On a scale from 1 to 10, let’s find out where your child lands on the “Separation Anxiety in Babies” scale.
Is he a one?
Glad you exist, Mom, but I’m totally rocking these toys over here.
I’ll let you know when I’m hungry, otherwise leave me be.
Or is he a ten?
Must. Grip. Shirt. Is she trying to move away?
SOUND THE ALERT!
Today we’re going to dig into the deep dark scary world of “separation anxiety”.
We’ll go over symptoms.
We’ll announce cures.
We may even chuckle once or twice. (No promises. I know how tired you are.)
Is Your Baby Dealing With
If it isn’t the million dollar question of the day…
I swear, 98% of parenting a baby can seem like random guessing. The day I invent a “baby translator” is the day that I purchase Ireland and start a utopia. #livinthedream
Until that day happens (keep praying, my Irish friends!), it’s my job to inform your guesses so more of them land on a BINGO.
So, here goes.
The Non-Helpful Age Clue
I say this is non-helpful because, really, every baby’s different.
That said, though, the typical “hot spots” in terms of age are around 6-8 months, 12 months, and 18 months.
Also remember, separation anxiety doesn’t start and stop like a car down the road. It flows. There are good days and bad days, high weeks and low…you get the picture.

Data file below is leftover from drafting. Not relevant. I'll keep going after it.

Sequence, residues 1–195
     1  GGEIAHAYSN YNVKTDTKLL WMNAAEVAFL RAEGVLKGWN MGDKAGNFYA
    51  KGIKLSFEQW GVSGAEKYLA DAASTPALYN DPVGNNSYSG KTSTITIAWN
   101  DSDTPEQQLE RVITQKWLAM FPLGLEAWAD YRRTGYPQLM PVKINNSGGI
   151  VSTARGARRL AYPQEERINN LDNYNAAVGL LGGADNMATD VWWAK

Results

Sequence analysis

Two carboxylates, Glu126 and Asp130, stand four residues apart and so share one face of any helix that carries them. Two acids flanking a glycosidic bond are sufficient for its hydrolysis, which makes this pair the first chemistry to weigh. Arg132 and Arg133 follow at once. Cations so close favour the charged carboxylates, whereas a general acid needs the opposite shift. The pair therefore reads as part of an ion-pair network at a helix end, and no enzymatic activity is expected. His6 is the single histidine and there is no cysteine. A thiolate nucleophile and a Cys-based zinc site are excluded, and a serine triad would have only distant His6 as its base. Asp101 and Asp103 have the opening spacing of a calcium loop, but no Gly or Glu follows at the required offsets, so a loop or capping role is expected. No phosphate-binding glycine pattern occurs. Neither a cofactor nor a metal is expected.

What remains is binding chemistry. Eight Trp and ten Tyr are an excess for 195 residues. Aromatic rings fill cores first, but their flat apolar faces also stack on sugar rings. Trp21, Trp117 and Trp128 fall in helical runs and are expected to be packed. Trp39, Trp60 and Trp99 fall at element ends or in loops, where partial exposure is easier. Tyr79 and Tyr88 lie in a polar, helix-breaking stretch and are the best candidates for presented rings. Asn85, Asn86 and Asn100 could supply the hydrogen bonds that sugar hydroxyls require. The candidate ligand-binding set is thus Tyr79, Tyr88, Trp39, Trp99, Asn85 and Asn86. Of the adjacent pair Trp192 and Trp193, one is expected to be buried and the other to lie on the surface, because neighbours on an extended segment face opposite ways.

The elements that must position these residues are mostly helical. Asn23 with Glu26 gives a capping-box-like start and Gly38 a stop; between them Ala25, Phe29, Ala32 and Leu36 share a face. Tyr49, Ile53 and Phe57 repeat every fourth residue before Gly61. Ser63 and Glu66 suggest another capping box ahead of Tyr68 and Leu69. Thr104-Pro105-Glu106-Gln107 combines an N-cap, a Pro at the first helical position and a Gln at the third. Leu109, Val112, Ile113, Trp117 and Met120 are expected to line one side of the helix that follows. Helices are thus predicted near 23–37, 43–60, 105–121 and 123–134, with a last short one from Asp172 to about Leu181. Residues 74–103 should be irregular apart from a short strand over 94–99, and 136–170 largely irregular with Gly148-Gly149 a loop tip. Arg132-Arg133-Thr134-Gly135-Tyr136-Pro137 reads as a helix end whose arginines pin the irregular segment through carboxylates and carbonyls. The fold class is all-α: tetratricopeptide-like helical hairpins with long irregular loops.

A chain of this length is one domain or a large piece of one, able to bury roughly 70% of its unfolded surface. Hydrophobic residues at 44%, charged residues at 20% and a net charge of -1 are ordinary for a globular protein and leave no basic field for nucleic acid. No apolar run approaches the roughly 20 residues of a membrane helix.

The More-Helpful Observance Clue
Think back to the last week and ask yourself…
- Does he seem more clingy than usual?
- Does he cry when you step out of sight for a minute?
- Does he seem to prefer one parent over another?
- Does he seem anxious at naptime and bedtime at being alone?
- Does he seem to instantly improve as soon as he sees a parent’s face?
3 Strategies to Overcome
Separation Anxiety in Your Baby
The emotion at the heart of your baby’s separation anxiety is FEAR. (And THAT, my friends, is why you pay me the big bucks. #smarttalking)
So it makes sense that the best strategies that help separation anxiety are centered about building confidence.
Here are three ways to help him cheerfully wave those chubby arms goodbye.
Separation Anxiety Strategy #1: Make Sure He’s Not Overtired
As some of our Sleep Session clients know, the brain secretes the hormone melatonin when it’s getting ready to head to Sleepyville.
Part of the reason it’s so important to create a predictable bedtime routine is to give his little brain the clue to start making melatonin. It’s like the little white flag of sleeping surrender.